Using small industrial machines, they both need to buy most of their ingredients at local retail markets and they depend on the fruits that are being sold. “When you’ve been in this business for a couple of years, you know who the best suppliers are to get your supplies from. Plus, friends or family who leave the country always bring back some flavors we can’t find here in Cuba: pistachio, for example,” Yanetsi says.
These limitations also affect similar businesses in the country’s interior. In Iguara, a small town in the north of the Sancti Spiritus province, young business-owner Luis Manuel Alvarez opened “Cremeria Lulu”. Up until today, this is the only establishment that sells ice-cream there.
Ever since the beginning, Lulu opens at night and offers its customers a large salon, where families from Iguara can choose between a variety of flavors and eat them without the stress of having to wait in long lines.
Luis initially wanted to produce ice-creams at home, but when he realized that supplies were short, he decided to join some self-employed business owners and sell the ice-cream others produce at his own business.
These alliances help to overcome the obstacle that the government’s ban on importing equipment and supplies for commercial purposes creates.
The Italian machines that some of these establishments use have been purchased outside of Cuba and declared as a personal import at Customs.
In the face of such hurdles, some business owners have decided to innovate production with their own mini-industries.
Lester and his ice-cream machine
When Lester Concepcion was in the 5th year of his Mechanical Engineering degree at the Marta Abreu University of Las Villas, he wanted to build his own ice-cream machine.
Before this, he had seen another machine created by one of his friends, then he analyzed how industrial machines worked and he put the rest of his doubts to the Internet and found out what he needed to know.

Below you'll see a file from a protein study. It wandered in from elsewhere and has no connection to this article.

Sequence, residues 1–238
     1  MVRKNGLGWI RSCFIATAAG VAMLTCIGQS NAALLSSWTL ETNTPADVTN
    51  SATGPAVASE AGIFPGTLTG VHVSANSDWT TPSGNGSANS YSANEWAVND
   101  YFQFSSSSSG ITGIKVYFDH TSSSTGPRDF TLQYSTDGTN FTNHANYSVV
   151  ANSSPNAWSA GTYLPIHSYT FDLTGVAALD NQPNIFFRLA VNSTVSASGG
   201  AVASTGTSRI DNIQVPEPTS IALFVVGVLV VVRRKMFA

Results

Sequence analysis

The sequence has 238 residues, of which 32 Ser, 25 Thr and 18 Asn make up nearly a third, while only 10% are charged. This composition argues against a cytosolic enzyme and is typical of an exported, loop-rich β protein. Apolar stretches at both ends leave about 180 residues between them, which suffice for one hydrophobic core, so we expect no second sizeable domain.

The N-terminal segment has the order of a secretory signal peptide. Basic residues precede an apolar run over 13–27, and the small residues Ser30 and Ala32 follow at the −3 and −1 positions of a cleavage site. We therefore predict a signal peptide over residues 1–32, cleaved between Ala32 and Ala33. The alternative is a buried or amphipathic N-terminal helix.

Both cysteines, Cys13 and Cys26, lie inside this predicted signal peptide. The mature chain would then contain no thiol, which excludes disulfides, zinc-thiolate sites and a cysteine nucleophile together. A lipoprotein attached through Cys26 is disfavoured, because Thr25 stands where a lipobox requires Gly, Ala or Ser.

After a year of trying to put it together, Lester managed to produce traditional flavors of ice-cream, such as chocolate and strawberry, as well as tropical fruits.
“You can make ice-cream out of anything. The hardest part is getting a hold of the ingredients. I produce 60 liters of ice cream in a day and then I don’t use the machine for a couple of days. It all depends on how consistent supplies are.”
Lester also built his own “heat exchanger” (to boil milk, cook and cool down the ice-cream) and some “Creole” freezers, fitted out with Haier fridge doors.
The engineer lives in Placetas, in the center of the country, and admits that he could create new machines and increase production, but, “why would I want another two or three machines, if I’m going to end up stopping anyway because there aren’t any ingredients? The market doesn’t provide us with the supplies we need. It would be unproductive.”
For now, the young business owner prefers to sell his desserts in bulk. He earns four Cuban pesos for every ice-cream or chocolate-covered ice-cream bar he sells. Others, such as bike seller Julio in Havana, take ice-cream to customers and this is how they complete a market cycle which benefits more than just one person.